When I search for BDD and Rest API automation. I get lots of examples where some user scripts a human-readable user story which shows how to use his API. This user calls it BDD.

But BDD based not only on instrument to write BDD automation.

BDD is a process which connects together analytics, customers and programmers together.

From my point of view the key of BDD is a user story.

When I write this:

@Positive @Get @User
Scenario: Show twitter user
  Given I access the resource url "/1/users/show.json?screen_name=jasonh_n_austin&include_entities=true"
  When I retrieve the results
  Then the status code should be 200
  And it should have the field "name" containing the value "Jason Harmon"
  And it should have the field "id" containing the value "57005215"

I dont see here a User. I see a couple of http requests and checks.

So the question is: is it really okay to use bdd tools to automate testing of Rest API or this is usless and better to script your tests on plain code?

2 Answers 2


Short answer is yes. It is really okay to use bdd tools to automate testing of a Rest API

UI testing involves HTML, JavaScript and a DOM. The BDD should describe behavior. Given, When, Then statements that describe actions like click a button miss the point of BDD. What behavior are you trying to test? The application could change the actions that implement that behavior but good BDD would still be valid.

So where are the actions? In the step definitions? I say that actions like button clicking should be encapsulated in page objects. The step definitions that implement the Given, When, Then statements contain the assertions, control logic and the calls to page objects requesting behavior. The page object methods should reflect behavior. The page object methods translate behavior into actions such as button clicks.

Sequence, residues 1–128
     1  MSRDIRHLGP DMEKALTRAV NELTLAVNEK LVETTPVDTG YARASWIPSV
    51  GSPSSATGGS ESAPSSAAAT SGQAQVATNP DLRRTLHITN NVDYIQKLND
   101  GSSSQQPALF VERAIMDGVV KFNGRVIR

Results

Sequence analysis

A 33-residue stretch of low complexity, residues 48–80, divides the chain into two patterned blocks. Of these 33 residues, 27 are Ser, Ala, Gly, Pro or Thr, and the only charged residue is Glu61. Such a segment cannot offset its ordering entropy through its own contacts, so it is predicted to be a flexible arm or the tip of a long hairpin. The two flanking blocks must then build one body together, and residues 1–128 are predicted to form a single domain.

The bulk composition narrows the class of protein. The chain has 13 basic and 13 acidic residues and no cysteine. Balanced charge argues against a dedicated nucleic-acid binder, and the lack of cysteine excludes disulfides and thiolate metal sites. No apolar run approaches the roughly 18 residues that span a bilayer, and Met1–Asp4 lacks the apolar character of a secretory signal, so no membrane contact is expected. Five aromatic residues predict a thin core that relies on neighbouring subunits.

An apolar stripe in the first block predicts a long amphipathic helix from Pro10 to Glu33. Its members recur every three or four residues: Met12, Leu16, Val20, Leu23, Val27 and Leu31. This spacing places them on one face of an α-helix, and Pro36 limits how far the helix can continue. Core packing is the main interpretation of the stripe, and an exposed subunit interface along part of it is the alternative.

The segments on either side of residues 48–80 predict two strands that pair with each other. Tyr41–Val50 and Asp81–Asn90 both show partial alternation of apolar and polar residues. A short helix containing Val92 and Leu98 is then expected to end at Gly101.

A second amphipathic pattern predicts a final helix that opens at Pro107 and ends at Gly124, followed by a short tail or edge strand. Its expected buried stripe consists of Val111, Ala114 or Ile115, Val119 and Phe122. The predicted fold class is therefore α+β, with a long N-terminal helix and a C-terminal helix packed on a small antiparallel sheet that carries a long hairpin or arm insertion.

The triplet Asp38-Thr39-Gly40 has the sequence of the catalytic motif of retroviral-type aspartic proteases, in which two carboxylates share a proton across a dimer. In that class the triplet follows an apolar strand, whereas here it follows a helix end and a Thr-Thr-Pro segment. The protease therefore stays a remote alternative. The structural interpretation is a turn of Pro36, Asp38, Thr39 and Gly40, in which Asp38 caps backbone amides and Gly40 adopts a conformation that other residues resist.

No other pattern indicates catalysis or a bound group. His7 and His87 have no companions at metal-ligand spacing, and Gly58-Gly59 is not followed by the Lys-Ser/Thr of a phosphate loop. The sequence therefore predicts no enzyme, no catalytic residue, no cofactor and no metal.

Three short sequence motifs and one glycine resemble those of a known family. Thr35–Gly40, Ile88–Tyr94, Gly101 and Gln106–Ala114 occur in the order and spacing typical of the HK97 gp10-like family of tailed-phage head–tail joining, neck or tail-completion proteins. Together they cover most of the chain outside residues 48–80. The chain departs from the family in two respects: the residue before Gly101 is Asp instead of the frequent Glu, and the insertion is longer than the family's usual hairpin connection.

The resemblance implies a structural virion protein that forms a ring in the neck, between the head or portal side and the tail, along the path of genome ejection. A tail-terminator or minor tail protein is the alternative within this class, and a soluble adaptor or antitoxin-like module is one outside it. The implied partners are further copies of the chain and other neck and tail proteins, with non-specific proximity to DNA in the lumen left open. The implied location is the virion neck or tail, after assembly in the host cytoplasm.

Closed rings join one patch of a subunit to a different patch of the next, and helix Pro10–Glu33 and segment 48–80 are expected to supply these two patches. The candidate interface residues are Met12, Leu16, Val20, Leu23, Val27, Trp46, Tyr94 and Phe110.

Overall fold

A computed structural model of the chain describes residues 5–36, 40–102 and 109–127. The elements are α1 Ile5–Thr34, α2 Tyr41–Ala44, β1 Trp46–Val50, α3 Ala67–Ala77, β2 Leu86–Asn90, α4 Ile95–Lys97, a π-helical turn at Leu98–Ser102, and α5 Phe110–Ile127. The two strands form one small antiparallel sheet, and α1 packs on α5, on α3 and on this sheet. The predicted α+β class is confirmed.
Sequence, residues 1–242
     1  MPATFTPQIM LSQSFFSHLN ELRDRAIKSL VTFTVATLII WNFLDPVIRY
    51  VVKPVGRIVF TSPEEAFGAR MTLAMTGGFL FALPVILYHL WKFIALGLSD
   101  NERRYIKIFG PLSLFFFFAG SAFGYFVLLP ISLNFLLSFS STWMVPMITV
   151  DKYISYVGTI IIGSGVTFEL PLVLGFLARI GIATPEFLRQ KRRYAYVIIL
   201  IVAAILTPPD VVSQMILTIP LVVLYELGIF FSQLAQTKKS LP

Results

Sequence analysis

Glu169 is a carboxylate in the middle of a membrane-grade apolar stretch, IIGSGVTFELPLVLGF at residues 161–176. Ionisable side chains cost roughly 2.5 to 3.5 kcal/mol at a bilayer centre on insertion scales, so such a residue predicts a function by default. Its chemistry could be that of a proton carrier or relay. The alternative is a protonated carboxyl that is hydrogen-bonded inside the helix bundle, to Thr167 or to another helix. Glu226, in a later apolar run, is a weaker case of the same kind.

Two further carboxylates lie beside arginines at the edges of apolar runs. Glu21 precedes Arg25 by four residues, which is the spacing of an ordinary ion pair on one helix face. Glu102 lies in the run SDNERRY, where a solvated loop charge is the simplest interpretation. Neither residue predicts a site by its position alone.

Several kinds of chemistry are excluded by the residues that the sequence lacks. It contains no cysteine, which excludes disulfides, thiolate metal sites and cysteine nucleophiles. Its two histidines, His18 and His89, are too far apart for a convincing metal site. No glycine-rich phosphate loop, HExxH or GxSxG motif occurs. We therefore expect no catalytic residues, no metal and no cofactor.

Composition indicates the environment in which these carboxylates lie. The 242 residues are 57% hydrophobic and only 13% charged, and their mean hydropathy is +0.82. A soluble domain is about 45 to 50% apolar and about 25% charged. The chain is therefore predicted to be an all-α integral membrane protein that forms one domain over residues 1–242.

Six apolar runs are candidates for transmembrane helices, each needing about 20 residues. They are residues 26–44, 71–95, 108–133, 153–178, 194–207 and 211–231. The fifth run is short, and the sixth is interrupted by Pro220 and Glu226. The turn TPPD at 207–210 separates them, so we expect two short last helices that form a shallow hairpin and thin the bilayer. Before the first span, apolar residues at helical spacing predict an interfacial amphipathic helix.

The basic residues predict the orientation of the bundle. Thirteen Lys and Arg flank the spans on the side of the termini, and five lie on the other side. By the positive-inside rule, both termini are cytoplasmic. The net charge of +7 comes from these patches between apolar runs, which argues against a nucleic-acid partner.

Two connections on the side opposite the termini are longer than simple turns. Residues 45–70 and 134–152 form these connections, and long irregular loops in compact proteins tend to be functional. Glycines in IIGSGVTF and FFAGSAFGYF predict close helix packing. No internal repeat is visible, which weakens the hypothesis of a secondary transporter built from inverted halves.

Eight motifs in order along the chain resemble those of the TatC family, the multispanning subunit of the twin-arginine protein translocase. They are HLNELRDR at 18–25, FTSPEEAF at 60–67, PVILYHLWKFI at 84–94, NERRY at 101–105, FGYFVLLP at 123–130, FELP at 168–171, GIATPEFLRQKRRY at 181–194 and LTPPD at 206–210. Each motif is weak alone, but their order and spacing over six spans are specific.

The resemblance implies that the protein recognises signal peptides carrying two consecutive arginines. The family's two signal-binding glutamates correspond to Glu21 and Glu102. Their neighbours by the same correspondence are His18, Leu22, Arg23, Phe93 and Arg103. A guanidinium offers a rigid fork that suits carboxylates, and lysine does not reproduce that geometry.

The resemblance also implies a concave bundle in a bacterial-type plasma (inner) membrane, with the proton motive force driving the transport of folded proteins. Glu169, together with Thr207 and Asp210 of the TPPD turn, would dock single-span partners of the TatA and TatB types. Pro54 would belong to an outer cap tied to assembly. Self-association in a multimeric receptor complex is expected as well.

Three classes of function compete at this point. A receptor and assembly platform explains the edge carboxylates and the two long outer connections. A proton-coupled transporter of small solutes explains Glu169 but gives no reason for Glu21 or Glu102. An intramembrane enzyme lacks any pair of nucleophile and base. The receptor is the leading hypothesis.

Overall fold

Which brings me to my point.

API actions replace page actions! Instead of interrogating a DOM you send HTTP requests and/or parse an HTTP response block. Or you issue SQL to a back end database, warehouse or business intelligence.

So the BDD is much the same for API testing as it is for UI testing. API testing replaces page objects with API objects.


You can certainly use BDD to test a REST API as Mike has mentioned. The advantage is that the test will read like an "executable business specification" that the end customer is more likely to understand. But the consequence is that you will need to write the "glue code" that translates the "natural language" of the spec into raw, HTTP calls. And one of the hardest parts of this especially when you use a language like Java is the business of traversing JSON (or XML) and asserting for expected results.

For teams that are more focused on creating API "platform" services, BDD may be not worth the effort. Such teams are more concerned about whether the HTTP requests are well-formed, the headers are correct and that the data payloads (request and responses) are valid and as expected.

Karate (disclaimer: I am the dev) is a new open-source framework that is built on Cucumber, so it inherits the BDD syntax, but allows you to have full control over HTTP. This is a trade-off which is summarized in this table: (link)

In conclusion, Karate is an approach that is in the middle, it is not pure BDD, but it is a level above having to form HTTP and traverse JSON by hand, in "plain code".

Your Answer

By clicking “Post Your Answer”, you agree to our terms of service and acknowledge you have read our privacy policy.

Not the answer you're looking for? Browse other questions tagged or ask your own question.